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Claydon: We will do better, say school heads after being told by Ofsted inspectors that they must improve

PUBLISHED: 11:59 22 March 2013

Are we failing school pupils?

Are we failing school pupils?

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BOSSES at Claydon Primary School today vowed to make improvements after they achieved poor results in their latest Ofsted report.

The school in Lancaster Way was graded as ‘requiring improvement’ during a visit from inspectors at the end of January, which came just a few months after Claydon High School was given the same rating.

Inspectors singled out the achievement of pupils, quality of the teaching and the leadership and management as the school’s weaker areas – but the behaviour of pupils was graded as good.

Because of changes to Ofsted’s grading guidelines, the primary school and high school will both be subjected to visits within two years and, if improvements are not made, could be plunged into special measures.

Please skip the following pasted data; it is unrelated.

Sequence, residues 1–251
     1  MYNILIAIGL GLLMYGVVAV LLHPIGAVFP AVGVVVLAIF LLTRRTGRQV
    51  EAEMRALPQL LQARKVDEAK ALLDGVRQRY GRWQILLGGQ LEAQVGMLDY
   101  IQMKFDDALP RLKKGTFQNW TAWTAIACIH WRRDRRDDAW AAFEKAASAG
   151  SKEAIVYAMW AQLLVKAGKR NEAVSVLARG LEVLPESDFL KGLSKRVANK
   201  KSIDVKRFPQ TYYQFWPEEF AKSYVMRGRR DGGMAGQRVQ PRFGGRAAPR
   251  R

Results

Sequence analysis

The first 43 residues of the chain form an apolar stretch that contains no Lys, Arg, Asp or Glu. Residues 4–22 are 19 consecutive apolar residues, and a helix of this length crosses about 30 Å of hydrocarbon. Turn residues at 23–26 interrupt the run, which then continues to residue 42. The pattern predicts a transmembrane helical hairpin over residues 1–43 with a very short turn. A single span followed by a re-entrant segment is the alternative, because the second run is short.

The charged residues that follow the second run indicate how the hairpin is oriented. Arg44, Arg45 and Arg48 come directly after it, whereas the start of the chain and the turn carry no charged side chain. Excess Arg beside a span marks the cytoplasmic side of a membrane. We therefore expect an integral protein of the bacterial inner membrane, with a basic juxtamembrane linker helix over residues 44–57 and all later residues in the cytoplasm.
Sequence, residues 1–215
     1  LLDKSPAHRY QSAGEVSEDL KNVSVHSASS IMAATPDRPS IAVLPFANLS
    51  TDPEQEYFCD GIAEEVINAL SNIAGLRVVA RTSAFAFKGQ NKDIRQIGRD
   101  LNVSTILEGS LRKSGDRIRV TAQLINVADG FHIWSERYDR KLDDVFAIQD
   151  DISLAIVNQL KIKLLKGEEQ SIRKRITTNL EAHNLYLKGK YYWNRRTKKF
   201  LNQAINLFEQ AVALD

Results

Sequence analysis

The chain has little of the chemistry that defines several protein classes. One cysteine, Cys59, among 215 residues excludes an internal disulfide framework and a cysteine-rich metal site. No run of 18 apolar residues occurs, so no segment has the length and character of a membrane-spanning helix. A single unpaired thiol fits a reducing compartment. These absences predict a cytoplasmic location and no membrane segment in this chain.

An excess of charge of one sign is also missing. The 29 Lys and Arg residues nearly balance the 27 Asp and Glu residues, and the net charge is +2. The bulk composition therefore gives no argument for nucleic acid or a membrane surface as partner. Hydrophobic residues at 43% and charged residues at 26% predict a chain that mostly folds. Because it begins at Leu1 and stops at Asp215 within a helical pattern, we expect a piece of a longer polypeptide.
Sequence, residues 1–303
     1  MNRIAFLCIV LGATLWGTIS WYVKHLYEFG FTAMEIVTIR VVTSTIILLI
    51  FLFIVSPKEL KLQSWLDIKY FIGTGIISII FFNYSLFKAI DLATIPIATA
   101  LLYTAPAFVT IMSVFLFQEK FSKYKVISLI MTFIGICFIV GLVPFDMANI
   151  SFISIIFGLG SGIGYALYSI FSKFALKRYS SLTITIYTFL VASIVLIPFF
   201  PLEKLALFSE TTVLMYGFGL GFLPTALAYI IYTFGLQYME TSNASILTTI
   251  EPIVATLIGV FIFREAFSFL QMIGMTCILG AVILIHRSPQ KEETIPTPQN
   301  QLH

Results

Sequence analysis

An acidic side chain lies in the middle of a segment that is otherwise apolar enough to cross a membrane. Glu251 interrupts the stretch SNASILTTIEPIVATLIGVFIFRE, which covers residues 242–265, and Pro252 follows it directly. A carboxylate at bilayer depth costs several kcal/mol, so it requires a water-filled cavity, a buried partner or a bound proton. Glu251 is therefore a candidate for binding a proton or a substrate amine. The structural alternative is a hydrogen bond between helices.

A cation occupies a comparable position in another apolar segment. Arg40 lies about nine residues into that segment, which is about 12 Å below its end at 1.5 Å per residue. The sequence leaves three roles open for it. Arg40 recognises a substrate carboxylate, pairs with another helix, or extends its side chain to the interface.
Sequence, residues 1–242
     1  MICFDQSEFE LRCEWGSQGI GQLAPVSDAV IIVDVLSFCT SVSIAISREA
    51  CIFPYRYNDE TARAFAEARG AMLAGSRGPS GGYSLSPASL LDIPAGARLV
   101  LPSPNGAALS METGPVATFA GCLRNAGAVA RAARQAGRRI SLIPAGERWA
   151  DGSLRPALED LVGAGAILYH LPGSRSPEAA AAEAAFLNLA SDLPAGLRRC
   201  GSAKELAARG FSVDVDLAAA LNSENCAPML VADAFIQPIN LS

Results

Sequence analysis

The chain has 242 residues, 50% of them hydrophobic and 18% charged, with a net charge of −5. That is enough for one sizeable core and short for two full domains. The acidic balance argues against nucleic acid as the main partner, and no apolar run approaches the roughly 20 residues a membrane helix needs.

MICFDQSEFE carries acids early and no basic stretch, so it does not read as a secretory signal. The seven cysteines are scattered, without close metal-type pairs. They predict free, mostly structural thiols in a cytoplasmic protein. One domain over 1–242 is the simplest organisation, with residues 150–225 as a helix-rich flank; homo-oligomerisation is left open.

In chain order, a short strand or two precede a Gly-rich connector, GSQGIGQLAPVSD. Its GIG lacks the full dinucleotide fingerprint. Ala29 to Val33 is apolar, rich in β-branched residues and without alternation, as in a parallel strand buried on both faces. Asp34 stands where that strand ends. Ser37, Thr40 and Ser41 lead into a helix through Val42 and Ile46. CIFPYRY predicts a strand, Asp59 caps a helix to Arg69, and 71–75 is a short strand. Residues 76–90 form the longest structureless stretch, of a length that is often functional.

But Mary Ashcroft and Gary Pilkington, the headteachers at Claydon Primary School, are confident the inspectors will see a big change at the site when they next visit.

In a statement, they said: “We are pleased that Ofsted recognised that the school is ambitious to improve and there is a positive atmosphere in the school, supported by well behaved pupils.

“We acknowledge that there are issues for improvement and we will fully understand our strengths and weaknesses and actions required to improve.

“Ofsted recognised this and identified it as a strength of the school.

“Working closely with and accountable to the governing body, we are continuing with our planned actions to raise the quality of teaching and pupil attainment.”

Claydon High School’s Ofsted report was released in December and inspectors visited again in January to check on progress at the school.

Inspector John Mitcheson said the school was working hard to make improvements with additional tutors being appointed to provide one-to-one support in mathematics.

Mr Mitcheson also said governors now have a clearer understanding of how they need to support and challenge senior leaders.

The Star attempted to contact bosses at Claydon High School but they were unavailable for comment.


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